Part of the problem is political. State agencies representing the USDA Natural Resources Conservation Service and Farm Service Agency are mindful of the importance of agriculture, which accounts for nearly 30 percent of South Dakota’s total economic output.

“When it comes to regulating agriculture in a state like South Dakota, the political will doesn’t exist,” said Don Carr, a Sioux Falls native who served as senior advisor to the Environmental Working Group in Washington D.C. “The regulations are on the books, but there’s no enforcement on the ground.”

Farm Bill legislation cracked down on the practice of converting wetlands to cropland and regulated the use of drain tile and open-ditch systems to drain seasonal and flooded marshes and sloughs in the pothole region.

In addition to ecological benefits, such as improving water quality and sequestering carbon, wetlands support breeding populations of North American waterfowl and other wildlife and can also help reduce flooding.

From 1850 to the mid-1980s, South Dakota wetland areas decreased from an estimated 2.7 million acres to 2.1 million acres, according to the Natural Resources Conservation Service. A more recent study by the U.S. Fish and Wildlife Service showed that the number of wetland basins decreased between 1997 and 2007 in every Prairie Pothole Region state except for Montana.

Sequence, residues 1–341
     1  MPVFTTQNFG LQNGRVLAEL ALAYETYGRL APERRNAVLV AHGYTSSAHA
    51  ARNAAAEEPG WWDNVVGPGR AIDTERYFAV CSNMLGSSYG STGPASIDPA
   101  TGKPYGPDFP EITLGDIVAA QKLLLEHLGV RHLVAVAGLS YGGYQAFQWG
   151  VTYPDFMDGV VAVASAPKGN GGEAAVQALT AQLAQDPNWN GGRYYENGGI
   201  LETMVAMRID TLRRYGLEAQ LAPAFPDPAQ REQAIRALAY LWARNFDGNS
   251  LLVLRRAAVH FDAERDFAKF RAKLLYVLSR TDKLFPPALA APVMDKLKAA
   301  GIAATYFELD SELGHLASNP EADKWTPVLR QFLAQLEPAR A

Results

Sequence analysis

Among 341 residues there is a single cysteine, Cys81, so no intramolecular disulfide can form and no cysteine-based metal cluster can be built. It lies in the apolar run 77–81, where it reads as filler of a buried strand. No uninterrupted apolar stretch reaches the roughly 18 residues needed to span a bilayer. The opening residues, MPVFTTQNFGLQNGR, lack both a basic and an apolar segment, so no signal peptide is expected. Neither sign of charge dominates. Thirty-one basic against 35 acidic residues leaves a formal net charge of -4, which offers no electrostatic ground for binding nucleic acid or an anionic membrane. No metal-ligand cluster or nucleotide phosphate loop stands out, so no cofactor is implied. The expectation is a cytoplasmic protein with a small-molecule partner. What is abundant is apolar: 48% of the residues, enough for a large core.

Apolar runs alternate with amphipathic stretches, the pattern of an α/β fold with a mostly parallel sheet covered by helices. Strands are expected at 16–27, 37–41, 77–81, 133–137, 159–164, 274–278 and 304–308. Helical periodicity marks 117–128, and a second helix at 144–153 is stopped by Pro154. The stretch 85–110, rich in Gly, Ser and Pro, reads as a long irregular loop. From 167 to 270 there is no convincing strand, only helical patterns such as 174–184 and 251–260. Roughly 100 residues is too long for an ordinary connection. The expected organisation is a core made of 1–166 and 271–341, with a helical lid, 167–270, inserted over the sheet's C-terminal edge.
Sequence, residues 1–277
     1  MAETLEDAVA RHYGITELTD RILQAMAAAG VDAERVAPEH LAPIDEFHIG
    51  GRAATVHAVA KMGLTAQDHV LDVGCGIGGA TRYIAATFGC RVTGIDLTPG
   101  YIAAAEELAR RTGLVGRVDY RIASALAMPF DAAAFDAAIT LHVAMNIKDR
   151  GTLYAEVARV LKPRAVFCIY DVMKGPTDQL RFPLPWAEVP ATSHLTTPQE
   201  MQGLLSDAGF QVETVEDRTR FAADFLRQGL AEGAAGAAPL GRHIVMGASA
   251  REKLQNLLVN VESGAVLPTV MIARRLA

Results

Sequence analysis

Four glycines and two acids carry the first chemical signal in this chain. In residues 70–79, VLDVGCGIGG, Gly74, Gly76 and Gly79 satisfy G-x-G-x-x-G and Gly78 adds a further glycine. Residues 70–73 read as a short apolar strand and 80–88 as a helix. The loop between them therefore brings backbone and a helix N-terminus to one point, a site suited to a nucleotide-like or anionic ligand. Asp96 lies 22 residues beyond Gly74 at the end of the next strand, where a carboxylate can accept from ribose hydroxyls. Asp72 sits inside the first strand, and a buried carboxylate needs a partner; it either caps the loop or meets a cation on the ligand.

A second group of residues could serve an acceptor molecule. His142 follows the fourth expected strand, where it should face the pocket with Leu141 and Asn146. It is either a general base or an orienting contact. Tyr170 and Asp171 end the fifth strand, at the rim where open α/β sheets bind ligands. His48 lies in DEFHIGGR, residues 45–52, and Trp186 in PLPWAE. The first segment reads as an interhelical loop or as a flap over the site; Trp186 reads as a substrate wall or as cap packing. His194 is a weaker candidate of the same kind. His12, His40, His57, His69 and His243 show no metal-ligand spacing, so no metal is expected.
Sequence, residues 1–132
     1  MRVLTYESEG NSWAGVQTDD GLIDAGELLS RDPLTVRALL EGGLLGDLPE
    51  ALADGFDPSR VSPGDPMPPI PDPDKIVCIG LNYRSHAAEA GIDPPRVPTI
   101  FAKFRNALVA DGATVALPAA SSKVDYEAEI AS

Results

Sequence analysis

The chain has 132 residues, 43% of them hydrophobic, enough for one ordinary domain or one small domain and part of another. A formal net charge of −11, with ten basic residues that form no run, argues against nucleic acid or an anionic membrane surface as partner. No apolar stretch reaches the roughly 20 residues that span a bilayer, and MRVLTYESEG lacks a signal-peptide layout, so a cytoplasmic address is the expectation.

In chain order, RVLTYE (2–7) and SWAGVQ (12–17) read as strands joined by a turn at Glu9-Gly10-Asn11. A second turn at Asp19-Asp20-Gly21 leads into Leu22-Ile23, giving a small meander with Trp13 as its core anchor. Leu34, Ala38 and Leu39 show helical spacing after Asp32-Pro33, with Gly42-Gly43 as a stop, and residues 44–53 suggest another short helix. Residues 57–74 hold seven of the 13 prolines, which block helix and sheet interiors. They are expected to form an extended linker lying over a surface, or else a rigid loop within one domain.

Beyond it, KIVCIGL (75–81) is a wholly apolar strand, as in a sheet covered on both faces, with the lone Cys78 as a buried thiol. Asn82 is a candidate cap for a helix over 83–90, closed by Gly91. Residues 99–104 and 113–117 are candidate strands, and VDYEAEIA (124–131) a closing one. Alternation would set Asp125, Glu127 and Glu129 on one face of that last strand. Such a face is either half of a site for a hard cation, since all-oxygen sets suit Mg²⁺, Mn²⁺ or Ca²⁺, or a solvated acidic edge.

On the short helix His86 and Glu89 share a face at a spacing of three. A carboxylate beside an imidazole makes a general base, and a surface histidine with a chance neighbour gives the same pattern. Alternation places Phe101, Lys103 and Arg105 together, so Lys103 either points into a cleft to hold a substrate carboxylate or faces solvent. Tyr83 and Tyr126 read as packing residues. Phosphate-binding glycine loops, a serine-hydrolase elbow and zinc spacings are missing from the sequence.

“It’s a hugely important and identifiable wildlife mecca,” said Julie Sibbing, associate vice president of land stewardship for the National Wildlife Federation. “The shallower wetlands are in many ways the most important because they’re the first to thaw in spring, and waterfowl rely on resources like insects and larvae as they arrive from their wintering grounds. They can’t just go someplace else.”

The GAO report, commissioned by the Senate Committee on Agriculture, Nutrition and Forestry, recommended changes in the system used by the USDA agencies to monitor tracts of land for compliance and found flaws in the appeal process when violations are found.

The Natural Resources Conservation Service uses a random sample instead of a risk-based approach to decide which tracts to assess. From 2014 to 2018, according to the report, “the NRCS identified fewer than five farmers with wetland conservation violations per year on the approximately 417,000 tracts in North Dakota and South Dakota.”